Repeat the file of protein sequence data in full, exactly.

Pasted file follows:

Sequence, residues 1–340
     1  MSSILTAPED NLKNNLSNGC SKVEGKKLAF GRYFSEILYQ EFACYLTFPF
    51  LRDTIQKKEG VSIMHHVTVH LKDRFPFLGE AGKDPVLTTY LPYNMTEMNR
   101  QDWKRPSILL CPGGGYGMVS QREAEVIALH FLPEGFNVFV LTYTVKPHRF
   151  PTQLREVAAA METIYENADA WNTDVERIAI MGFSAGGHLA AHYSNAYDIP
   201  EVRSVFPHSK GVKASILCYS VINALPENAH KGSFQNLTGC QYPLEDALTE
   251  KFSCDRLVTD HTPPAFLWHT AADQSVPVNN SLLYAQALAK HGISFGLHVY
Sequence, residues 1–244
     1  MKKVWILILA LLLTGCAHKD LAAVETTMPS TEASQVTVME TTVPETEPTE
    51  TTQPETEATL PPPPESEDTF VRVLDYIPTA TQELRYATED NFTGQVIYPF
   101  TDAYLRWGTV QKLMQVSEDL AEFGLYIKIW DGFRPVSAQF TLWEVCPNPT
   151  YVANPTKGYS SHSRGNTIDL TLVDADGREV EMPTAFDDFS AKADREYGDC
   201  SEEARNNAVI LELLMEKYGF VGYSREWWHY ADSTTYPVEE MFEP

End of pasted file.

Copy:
Sequence, residues 1–340
     1  MSSILTAPED NLKNNLSNGC SKVEGKKLAF GRYFSEILYQ EFACYLTFPF
    51  LRDTIQKKEG VSIMHHVTVH LKDRFPFLGE AGKDPVLTTY LPYNMTEMNR
   101  QDWKRPSILL CPGGGYGMVS QREAEVIALH FLPEGFNVFV LTYTVKPHRF
   151  PTQLREVAAA METIYENADA WNTDVERIAI MGFSAGGHLA AHYSNAYDIP
   201  EVRSVFPHSK GVKASILCYS VINALPENAH KGSFQNLTGC QYPLEDALTE
   251  KFSCDRLVTD HTPPAFLWHT AADQSVPVNN SLLYAQALAK HGISFGLHVY
Sequence, residues 1–244
     1  MKKVWILILA LLLTGCAHKD LAAVETTMPS TEASQVTVME TTVPETEPTE
    51  TTQPETEATL PPPPESEDTF VRVLDYIPTA TQELRYATED NFTGQVIYPF
   101  TDAYLRWGTV QKLMQVSEDL AEFGLYIKIW DGFRPVSAQF TLWEVCPNPT
   151  YVANPTKGYS SHSRGNTIDL TLVDADGREV EMPTAFDDFS AKADREYGDC
   201  SEEARNNAVI LELLMEKYGF VGYSREWWHY ADSTTYPVEE MFEP